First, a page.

Exercise and genetics


As you know we come in all shapes and sizes. And whether you're tall or short, fat or thin exercise can help you achieve your goals of weight loss, building muscle, increasing strength and improving fitness.

But what if I were to tell you that your body shape could dictate your overall workout plan?

Filling in the blanks
Let's start at the beginning. Over 50 years ago a chap called William Sheldon began to look into a system for classifying humans in terms of body shape, skeleton size and fat levels. The system he settled upon called for essentially three different body types - ectomorphs, mesomorphs and endomorphs.

Characterising of your own body type

 Type Ectomorph Endomorph Mesomorph
Tall and thin. Thin chest small hips. Strong bones, round appearance. Athletic appearance.
Fast metabolism. Slow muscle gains Slower metabolism. Likely to carry a little excess body fat. Can gain and lose weight easily.
Weight loss comes easy. Naturally fit. Naturally strong. Quick to gain muscle. Responds well to both resistance and aerobic training.
Slow to gain muscle. Exercise can cause weight loss Finds it difficult to lose weight.
Needs to work on fitness.
Can become overtrained quickly. Variety is the key.

Maximising your training potential
In order to be good, or even great, at a sport your body needs to function optimally. Ideally marathon runners should be thin, with a delicate build and be able to increase strength without adding much muscle mass, where as a power athlete needs a strong bone structure, be naturally very strong and respond very well to weight training.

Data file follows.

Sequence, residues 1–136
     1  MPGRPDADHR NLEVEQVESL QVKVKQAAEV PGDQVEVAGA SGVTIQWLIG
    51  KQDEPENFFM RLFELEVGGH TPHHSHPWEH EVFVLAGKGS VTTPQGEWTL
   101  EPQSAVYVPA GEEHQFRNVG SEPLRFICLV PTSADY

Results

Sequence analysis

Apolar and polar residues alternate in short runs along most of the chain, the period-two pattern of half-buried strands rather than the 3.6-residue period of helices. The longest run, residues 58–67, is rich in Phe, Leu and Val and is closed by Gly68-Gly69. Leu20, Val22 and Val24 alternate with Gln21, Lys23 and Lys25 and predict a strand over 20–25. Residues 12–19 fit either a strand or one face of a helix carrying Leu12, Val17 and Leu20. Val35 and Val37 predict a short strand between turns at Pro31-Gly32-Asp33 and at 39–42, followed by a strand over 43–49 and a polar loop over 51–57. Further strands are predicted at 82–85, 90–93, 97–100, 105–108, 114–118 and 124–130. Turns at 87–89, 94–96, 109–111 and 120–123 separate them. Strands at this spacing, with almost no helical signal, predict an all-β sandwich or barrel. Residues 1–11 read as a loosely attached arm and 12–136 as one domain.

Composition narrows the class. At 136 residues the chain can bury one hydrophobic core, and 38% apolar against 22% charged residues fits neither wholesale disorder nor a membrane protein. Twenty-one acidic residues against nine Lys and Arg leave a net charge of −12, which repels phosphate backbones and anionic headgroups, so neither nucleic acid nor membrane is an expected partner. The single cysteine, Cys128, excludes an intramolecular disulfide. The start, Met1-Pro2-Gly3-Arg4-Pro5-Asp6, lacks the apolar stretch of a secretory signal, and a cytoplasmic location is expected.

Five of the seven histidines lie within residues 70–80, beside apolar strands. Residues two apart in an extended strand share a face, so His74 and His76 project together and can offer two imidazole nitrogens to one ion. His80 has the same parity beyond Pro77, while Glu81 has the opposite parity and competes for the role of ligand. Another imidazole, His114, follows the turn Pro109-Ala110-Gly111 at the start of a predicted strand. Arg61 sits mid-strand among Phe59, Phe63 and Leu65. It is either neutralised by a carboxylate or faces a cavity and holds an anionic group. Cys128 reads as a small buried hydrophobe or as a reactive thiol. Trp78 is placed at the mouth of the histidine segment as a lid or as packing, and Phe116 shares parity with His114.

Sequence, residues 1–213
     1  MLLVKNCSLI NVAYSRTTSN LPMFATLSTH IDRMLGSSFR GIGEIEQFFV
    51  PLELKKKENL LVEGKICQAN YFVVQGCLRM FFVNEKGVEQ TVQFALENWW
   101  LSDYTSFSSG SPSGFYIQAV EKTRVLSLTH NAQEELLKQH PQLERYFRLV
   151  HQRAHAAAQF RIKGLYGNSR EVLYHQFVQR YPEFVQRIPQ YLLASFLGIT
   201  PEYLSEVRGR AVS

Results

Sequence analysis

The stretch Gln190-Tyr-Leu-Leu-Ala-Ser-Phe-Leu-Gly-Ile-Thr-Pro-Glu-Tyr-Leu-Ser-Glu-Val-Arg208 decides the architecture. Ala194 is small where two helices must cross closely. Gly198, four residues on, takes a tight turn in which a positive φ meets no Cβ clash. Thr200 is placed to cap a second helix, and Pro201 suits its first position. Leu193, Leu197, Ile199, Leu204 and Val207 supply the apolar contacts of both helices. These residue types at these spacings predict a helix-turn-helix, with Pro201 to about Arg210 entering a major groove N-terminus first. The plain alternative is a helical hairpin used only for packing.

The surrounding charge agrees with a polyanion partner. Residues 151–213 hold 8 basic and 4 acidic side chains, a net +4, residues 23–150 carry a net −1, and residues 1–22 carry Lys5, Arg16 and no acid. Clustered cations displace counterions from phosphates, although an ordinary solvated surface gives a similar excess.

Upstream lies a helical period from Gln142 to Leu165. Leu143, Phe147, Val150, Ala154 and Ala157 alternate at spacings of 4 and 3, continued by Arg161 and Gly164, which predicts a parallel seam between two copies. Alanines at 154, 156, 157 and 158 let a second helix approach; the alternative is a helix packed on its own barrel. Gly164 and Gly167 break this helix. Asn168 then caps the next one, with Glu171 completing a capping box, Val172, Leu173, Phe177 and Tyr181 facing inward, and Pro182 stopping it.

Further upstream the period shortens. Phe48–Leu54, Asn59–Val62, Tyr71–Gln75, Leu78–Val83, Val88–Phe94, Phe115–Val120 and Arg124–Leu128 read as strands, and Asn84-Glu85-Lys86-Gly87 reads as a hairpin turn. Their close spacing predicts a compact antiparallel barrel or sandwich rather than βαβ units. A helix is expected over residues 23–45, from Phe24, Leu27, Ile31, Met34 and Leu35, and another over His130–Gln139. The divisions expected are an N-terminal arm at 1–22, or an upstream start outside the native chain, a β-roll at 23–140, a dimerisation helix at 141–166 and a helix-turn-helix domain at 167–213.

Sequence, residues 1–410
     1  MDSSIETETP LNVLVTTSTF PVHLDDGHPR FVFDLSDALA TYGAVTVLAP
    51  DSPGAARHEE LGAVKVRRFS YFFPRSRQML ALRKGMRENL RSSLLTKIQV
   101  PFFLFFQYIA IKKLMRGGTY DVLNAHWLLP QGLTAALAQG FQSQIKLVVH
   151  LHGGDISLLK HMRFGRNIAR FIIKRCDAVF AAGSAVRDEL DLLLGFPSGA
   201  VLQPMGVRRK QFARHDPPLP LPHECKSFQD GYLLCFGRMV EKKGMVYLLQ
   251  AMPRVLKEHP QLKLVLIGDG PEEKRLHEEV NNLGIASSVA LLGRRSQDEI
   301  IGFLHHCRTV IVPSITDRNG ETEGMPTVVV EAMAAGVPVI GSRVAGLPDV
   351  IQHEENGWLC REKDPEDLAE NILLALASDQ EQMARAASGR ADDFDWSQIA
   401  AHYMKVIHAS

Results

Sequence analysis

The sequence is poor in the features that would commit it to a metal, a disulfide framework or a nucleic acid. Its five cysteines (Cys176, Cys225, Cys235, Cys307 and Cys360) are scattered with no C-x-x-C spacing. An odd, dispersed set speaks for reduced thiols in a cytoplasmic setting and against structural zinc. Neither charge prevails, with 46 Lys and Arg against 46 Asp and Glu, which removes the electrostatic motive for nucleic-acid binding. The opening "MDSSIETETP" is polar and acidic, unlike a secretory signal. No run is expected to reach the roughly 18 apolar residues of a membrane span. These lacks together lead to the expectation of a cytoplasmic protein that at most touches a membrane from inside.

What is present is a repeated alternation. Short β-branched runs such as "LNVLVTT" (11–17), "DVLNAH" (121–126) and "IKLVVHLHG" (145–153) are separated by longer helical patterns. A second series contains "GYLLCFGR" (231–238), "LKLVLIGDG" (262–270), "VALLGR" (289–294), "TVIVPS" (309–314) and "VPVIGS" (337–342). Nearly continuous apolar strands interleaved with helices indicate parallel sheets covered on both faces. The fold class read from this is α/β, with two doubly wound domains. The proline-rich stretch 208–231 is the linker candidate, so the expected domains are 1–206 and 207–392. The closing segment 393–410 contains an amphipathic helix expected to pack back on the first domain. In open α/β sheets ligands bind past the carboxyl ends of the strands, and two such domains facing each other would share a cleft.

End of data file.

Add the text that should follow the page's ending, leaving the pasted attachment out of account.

The two characters described above are of course broadly speaking an ectomorph and endomorph respectively. However, what happens when an ectomorph wants to gain muscle mass or the endomorph wants to run a marathon? Are they fighting a physical battle they cannot win?

Training smarter
Not at all. It is possible to rise up against our genetics and add muscle to a skinny frame or lose fat from a heavy build. We just have to understand the best type of training for our particular body type.

Ectomorphic training principles
Ectomorphs find it hard to put on weight because they burn calories very easily. With this in mind ectomorphs shouldn't train too hard or long when it comes to aerobics. They should lift weights but keep the volume low - again too much activity will burn lots of calories.

Cardiovascular work - 3 times 20-30 min. of low intensity work each week.
Weight training - Train each body part every 4/5 days for 2/3 sets.

Endomorphic training principles
Endomorphs tend to be naturally strong, but they usually also have slower metabolisms. This means when it comes to weight loss the training emphasis should be on aerobic based activities - at least 4 training sessions a week.

Cardiovascular work - 4/5 times 30-60 min. each week
Weight training - 1/2 full body workouts each week. Reps low, volume moderate.

Mesomorphic training principles
Mesomorphs fall in between an ectomorph and endomorph. Mesomorphs tend to hold a little body fat and be pretty strong naturally. Their aerobic capacity is quite high so they don't need to work as long as the endomorph. Their results from weight training can be varied, so it is advised that this aspect of training is cycled so that the body doesn't become stale.

Cardiovascular work - 2/3 times 20-40 min. of mixed intensity exercise.
Weight training - Two sessions a week. Up to 6 exercises per body part.



Print Email Favourites    

© 2000-2014 thefitmap.com
All information on this website is for information only. Thefitmap.com offers no medical advice or information. Always consult your GP before undertaking any form of weight loss, fitness or exercise